Harper Macleod: Harnessing our marine potential
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Chris Kerr is a Partner at Harper Macleod who heads up the firm's Marine Economy group, as well as leading our team in the Highlands, Islands and Moray. Here, he shares some insights from the recent Marine Economy Week hosted by the firm.
Scotland's Natural Capital, our natural assets and the services and value that come from them, is central to a lot of the work we carry out at Harper Macleod. How the businesses and organisations we work with protect, manage and make use of our natural ecosystem is fundamental to a sustainable economy.
A huge part of that Natural Capital lies within the Marine Economy, and that's one of the reasons why last month we hosted the inaugural Marine Economy Week (MEW). We know the scale of the opportunities and challenges that the Highlands and Islands face as we strive to become a marine powerhouse.
As a sector the Marine Economy, or Blue Economy as it is sometimes known, is wide but broadly speaking it covers the areas of aquaculture, fisheries and processing, coastal tourism, oil and gas, marine renewables, ports and harbours, shipbuilding and repair, and transport.
The aim of MEW 2021 was to bring the sector together, learn more about it and focus on how we maximise its potential. The event was held virtually, and the sessions from all five days are available on Harper Macleod website to watch on demand.
Maximising marine potential
As an insight to what went on, I launched the event alongside Morven Cameron, who led HIE's involvement in the influential MAXiMAR study which highlighted the economic potential of the marine economy for the region.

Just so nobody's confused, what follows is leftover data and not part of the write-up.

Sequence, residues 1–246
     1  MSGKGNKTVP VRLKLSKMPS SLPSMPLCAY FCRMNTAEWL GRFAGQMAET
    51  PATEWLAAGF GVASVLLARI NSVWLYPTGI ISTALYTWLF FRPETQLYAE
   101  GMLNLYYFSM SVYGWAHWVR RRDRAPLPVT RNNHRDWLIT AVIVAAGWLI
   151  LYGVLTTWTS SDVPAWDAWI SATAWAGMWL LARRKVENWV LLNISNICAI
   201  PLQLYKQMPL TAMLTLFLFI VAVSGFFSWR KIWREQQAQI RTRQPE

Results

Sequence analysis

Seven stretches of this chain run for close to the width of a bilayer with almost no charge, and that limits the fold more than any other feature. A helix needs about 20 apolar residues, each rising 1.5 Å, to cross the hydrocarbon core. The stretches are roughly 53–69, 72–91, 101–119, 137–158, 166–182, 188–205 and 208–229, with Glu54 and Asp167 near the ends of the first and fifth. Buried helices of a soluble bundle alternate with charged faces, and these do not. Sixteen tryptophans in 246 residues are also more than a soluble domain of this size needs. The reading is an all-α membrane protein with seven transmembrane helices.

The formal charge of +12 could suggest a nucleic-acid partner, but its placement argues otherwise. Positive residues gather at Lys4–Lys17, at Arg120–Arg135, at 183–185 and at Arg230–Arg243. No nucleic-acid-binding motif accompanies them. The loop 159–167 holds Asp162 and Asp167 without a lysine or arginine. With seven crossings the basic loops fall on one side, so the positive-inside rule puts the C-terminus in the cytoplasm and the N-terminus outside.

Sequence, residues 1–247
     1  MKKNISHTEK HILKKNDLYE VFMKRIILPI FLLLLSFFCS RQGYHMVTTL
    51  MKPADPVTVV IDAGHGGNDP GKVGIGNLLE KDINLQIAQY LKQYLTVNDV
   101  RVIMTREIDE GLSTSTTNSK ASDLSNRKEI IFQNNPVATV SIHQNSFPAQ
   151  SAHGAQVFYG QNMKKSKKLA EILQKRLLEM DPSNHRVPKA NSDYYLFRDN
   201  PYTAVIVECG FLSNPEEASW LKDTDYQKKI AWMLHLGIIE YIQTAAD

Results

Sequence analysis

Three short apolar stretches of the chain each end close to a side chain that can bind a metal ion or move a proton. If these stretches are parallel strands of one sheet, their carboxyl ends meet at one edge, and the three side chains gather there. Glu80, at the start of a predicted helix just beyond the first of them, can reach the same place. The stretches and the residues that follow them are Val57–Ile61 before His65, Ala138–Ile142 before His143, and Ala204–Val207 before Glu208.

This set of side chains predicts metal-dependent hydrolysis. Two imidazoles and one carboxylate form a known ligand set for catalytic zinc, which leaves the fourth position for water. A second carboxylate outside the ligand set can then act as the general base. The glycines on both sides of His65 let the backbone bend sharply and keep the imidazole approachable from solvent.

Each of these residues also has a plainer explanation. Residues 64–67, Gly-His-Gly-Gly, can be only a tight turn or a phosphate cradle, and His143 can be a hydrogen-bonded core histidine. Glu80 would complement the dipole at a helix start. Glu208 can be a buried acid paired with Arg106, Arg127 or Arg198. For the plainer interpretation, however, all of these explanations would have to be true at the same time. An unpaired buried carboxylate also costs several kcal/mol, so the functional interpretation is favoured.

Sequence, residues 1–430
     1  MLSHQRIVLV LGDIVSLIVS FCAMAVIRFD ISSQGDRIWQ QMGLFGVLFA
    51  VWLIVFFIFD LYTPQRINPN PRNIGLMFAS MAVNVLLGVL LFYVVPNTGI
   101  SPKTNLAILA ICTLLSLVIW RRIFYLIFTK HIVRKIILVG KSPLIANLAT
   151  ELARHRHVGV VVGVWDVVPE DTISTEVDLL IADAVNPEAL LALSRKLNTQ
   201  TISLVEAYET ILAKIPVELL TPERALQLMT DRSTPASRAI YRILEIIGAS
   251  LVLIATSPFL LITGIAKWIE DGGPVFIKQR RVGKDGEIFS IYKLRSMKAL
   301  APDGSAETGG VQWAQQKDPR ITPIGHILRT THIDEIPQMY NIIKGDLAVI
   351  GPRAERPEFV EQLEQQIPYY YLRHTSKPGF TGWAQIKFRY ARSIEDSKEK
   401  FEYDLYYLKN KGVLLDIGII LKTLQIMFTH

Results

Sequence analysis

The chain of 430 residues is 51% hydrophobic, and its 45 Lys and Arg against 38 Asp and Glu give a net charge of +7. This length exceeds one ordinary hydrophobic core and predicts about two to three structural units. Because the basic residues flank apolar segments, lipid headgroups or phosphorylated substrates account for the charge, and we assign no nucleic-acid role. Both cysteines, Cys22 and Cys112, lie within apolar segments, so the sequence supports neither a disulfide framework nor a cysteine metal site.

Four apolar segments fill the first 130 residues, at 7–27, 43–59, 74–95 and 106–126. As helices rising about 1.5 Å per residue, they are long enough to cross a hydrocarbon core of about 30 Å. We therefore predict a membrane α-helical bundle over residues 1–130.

Thanks to Morven's input, I believe you will struggle to find a more concise, comprehensive view of what is at stake. At a fundamental level, the sea is going to be essential to sustainably feed the world's growing population over the coming decades. From the economic importance on a national scale to marine's importance for the modern rural economies of our coastal communities, we introduced some of the themes which would run throughout the week – collaboration, innovation, sustainability and investment.
Morven's initial involvement in the marine economy was a project for the UK government looking at areas of innovation where there were already clusters of academia, business and opportunity. For Scotland, marine is one such area.
Perhaps the most fascinating aspect of the session was the comparison with other nations and regions of the world who are making enviable advances in the Marine Economy. Things are moving fast and nations no larger than Scotland are making huge strides. Iceland, for example, has embraced the idea of an ocean cluster and brought together connected enterprises and the knowledge sector across the marine industries. In less than a decade they now have more than 70 companies coming together to look at the whole ocean value chain, from fisheries to seafood biotech.
Norway, from where we would hear later in the week, has models which are particularly relevant for Scotland. They have no fewer than 173,000 jobs in the marine economy and are diversifying expertise from oil and gas, supporting emerging areas of blue economy. The city of Tromso in the north, for example, has become a centre for cold biotech which has brought both enterprise and employment opportunities to a more remote part of the country – which is something I know from my own experience is a huge challenge.
While the opportunities are biggest is areas such as aquaculture and marine renewables, it is important that the areas that have traditionally underpinned the economy are not forgotten.
We'll continue to focus on marine in the months and years ahead, but for now I'd recommend anyone with an interest in finding out more about the sector to watch the session in full.